The Magic Spell of “Separation of Church and State!”
It's a way of trying to make Christians disappear from the public square.
“Last I heard, we had separation of church and state in this country,” declared a congressman from Colorado during the debate over health care. “I’ve got to say that I think the Catholic bishops and all of the other groups shouldn’t have input.” He was upset that the Catholic bishops had insisted that the health care bill not include abortion.The Church should just shut up. Christians had no right to speak, as Christians, in public affairs.
Dozens of politicians and journalists have said things like this. The congressman was a little clearer than most of them about his desire to keep Christians out of the public square to make it easier for him to get what he wanted, but lots of influential people think the same way. People tee off on Christians for their alleged meddling in national politics, justifying it with the inevitable appeal to “the separation of church and state.” (Or to “pluralism” and “democracy,” which is the more sophisticated way of saying the same thing.)
It’s a kind of magic spell, that short, simple phrase. A Christian raises a question of morality, and the person who doesn’t want to answer the question sings out “separation of church and state,” fully expecting the Christian to curl up like a dead spider.
Never mind that the men who wrote the American Constitution didn’t mean anything of the sort. Never mind that a truly pluralistic, democratic nation expects people to bring their deepest convictions to the public debate over what the government should do. And never mind that the Church has repeatedly pointed out that she is simply recognizing the right and wrong everyone can see. There’s nothing “doctrinal” or “sectarian” about saying that killing an unborn child is wrong and that the child deserves the same legal protection he would have were he born.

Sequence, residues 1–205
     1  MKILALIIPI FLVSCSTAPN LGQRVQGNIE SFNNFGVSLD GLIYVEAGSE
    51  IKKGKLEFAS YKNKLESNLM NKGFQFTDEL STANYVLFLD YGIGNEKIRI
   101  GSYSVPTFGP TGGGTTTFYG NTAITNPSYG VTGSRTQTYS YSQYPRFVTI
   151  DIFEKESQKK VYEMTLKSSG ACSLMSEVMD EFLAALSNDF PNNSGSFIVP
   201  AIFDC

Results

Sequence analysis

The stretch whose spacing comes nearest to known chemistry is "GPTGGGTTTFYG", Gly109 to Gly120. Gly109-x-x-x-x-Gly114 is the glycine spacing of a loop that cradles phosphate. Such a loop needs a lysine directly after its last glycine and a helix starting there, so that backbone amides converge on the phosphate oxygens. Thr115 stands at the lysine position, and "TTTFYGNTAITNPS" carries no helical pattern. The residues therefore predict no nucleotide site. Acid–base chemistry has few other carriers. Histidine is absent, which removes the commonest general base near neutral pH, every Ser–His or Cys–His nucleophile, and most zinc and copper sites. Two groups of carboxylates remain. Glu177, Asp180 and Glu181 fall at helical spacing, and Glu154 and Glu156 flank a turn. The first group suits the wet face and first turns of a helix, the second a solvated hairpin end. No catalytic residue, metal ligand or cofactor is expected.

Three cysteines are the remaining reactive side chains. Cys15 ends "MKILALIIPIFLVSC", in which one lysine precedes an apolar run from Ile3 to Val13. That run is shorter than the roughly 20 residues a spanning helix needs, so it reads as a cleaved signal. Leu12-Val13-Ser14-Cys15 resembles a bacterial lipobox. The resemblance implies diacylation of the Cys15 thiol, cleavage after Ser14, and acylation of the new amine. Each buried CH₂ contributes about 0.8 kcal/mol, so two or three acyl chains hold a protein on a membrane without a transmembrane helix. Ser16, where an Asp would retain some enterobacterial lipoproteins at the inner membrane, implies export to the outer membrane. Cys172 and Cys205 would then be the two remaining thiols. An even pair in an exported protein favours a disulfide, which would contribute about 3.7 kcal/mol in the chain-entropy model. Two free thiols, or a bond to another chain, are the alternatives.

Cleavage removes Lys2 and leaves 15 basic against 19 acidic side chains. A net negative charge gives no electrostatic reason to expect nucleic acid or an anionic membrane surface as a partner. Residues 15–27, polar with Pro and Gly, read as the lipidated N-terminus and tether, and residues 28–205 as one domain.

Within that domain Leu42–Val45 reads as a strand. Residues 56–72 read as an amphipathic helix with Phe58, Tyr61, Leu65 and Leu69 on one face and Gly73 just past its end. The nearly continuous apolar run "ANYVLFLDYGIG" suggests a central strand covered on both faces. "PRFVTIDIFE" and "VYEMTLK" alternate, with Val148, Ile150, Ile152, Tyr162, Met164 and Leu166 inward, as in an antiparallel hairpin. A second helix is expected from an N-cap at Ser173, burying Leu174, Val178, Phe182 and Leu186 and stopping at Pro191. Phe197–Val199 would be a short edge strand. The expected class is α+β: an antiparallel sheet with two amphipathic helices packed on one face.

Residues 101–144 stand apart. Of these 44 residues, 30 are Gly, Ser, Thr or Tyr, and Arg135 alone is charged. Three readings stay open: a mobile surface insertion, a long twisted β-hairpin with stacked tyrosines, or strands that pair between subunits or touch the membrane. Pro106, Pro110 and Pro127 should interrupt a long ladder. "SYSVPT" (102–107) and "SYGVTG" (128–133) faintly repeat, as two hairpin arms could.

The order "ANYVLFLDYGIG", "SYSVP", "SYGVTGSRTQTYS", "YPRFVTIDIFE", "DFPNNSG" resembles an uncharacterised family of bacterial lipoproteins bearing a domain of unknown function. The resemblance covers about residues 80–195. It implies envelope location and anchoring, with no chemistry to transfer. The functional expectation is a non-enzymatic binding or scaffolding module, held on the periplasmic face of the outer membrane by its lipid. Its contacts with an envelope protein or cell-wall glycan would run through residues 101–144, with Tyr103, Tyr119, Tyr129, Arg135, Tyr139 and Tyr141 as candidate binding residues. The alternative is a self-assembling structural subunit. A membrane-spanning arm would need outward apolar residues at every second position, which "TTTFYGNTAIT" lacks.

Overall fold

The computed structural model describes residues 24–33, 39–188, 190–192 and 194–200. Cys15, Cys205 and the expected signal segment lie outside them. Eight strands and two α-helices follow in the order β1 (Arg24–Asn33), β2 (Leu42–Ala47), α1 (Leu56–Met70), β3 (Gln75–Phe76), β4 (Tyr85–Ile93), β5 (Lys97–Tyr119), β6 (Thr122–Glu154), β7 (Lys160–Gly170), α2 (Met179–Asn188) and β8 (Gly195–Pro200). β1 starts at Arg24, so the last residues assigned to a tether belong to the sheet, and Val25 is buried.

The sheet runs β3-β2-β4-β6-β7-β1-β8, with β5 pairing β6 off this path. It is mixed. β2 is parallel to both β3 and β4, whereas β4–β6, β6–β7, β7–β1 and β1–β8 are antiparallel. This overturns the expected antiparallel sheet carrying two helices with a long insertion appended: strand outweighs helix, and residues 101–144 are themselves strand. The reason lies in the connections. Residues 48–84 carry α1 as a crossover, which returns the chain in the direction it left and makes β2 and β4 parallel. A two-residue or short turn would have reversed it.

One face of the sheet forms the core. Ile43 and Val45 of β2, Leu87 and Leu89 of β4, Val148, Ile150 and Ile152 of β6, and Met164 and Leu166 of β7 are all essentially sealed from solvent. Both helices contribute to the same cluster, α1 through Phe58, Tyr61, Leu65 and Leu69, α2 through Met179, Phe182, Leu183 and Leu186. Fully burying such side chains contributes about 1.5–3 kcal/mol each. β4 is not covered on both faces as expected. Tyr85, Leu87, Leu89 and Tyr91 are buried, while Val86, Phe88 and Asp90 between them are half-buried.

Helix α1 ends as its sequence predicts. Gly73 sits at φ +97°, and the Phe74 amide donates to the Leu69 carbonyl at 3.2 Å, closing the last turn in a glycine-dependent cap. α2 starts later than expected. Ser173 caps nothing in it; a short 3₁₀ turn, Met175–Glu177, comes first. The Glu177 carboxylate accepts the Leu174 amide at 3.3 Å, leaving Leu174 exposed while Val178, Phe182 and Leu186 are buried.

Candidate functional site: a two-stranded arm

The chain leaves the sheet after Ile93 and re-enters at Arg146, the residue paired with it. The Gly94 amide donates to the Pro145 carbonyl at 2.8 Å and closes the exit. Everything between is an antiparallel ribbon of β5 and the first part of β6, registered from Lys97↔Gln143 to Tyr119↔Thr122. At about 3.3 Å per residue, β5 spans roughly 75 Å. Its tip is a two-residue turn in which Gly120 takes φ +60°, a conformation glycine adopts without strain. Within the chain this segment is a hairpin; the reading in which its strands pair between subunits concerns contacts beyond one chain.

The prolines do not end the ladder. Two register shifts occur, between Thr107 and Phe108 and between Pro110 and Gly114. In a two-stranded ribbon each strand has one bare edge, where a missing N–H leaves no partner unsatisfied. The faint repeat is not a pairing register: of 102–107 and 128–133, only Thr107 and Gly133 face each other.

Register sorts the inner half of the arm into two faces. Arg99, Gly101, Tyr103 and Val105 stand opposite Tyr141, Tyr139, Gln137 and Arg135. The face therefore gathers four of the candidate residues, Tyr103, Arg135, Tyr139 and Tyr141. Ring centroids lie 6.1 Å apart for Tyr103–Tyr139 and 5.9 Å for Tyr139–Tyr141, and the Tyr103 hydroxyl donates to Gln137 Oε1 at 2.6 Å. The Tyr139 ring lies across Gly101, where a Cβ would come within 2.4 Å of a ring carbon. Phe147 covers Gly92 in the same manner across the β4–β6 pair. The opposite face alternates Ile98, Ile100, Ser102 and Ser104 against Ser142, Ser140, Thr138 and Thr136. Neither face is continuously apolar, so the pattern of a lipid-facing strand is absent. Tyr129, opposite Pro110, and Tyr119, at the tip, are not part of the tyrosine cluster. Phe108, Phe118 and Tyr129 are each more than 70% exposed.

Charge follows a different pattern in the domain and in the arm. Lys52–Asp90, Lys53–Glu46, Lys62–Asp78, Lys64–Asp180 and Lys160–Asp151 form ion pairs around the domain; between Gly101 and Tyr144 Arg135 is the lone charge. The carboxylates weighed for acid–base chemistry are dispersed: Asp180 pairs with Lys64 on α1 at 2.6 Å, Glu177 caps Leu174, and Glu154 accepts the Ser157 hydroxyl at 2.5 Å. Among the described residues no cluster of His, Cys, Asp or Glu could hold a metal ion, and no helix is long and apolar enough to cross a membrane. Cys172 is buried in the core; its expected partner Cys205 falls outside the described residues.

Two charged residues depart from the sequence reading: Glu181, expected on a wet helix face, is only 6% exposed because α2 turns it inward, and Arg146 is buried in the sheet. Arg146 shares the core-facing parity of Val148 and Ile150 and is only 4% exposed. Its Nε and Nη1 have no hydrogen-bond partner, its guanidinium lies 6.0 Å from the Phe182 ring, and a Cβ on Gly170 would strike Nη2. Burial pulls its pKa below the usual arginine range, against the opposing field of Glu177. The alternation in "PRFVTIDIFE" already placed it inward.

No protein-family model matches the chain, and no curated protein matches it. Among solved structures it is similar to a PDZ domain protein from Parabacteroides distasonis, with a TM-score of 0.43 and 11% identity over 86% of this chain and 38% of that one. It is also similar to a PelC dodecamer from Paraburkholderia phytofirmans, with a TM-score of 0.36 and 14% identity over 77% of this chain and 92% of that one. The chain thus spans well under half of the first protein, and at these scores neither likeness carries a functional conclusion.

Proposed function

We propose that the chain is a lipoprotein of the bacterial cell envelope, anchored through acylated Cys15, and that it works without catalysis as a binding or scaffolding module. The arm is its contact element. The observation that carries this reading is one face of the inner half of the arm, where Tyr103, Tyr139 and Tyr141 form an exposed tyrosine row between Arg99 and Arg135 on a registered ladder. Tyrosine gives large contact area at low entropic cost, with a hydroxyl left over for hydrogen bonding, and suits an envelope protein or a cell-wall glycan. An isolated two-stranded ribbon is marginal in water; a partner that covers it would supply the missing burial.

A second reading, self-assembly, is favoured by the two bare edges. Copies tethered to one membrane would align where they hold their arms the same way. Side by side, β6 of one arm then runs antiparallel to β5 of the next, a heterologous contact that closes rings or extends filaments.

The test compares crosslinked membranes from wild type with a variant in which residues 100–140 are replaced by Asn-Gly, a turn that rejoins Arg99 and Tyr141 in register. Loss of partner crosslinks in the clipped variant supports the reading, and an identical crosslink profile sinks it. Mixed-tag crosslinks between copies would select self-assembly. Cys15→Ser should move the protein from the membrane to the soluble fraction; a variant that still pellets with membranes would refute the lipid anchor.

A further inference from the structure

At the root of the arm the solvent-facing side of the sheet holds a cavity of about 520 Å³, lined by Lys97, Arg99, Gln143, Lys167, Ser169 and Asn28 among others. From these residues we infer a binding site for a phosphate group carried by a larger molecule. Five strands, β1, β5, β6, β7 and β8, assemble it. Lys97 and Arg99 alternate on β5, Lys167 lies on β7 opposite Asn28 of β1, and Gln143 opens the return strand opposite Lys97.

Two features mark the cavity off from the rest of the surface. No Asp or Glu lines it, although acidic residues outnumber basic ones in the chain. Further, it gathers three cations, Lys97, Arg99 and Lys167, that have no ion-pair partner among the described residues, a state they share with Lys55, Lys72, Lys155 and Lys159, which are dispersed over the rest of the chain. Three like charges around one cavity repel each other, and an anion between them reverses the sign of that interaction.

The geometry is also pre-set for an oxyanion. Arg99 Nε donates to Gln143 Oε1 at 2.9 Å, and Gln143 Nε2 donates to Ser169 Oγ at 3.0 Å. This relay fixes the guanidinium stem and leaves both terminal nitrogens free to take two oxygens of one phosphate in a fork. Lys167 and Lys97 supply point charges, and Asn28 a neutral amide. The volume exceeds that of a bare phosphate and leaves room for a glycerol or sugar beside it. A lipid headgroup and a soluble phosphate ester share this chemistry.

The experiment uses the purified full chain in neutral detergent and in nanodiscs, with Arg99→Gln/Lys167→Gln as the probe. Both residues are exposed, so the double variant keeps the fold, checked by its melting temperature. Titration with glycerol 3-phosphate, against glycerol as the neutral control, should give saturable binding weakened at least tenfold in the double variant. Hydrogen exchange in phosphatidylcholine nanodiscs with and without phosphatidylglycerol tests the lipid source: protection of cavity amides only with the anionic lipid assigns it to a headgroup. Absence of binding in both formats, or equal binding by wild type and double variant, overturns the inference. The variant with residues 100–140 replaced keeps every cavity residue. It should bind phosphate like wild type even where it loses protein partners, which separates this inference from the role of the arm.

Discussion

“You shall not kill” is no more “dogmatic” than “You shall not swindle Mrs. Jones out of her life savings.” It’s a statement of the moral law. More to the point, it’s no more dogmatic than “the Catholic bishops shouldn’t have input” and “Coercive religion should have no place in a pluralistic, democratic nation.”
But you will have trouble getting a hearing if you say this. I don’t mean to be unkind, but we should be clear that these responses are not very thoughtful and that Christians should not be intimidated by them, though they are delivered loudly and forcefully. You may feel as if you’d showed up with your notes for a polite exchange and your opponent showed up with a foghorn and a baseball bat after drinking nineteen cups of coffee. You reasonably suspect that he doesn’t have reason on his side. But you shouldn’t back down.
So what can you say to someone who wants to banish Christians from the public debate, assuming you can get a word in?
You might try turning the tables and ask him where he gets his own beliefs. You’ve been honest about yours, he should be honest about his. If you keep pressing him, he will eventually get to his fundamental assumptions and you can point out that he is just as “dogmatic” or even “religious” about his assumptions as he says you are about yours.
But he may well not answer at all. People who think they have a magic spell don’t like to be interrupted when they’re casting it. They tend to be very annoyed when they find it doesn’t work.
That being the case, you might simply say “What about the Civil Rights Movement?” or “What about the Rev. Martin Luther King, Jr.?” The Civil Rights movement was led by Christians ministers acting as ministers. Dr. King’s speeches often invoked God’s judgment on racial discrimination and his will that all his people be free. It was an openly religious movement. And no one in America objects to that.
The country would look very different today if these ministers had accepted the secularist view of the separation of church and state. Even the congressman and the columnist would not want Dr. King to have separated church and state. Christians today can demand equal treatment.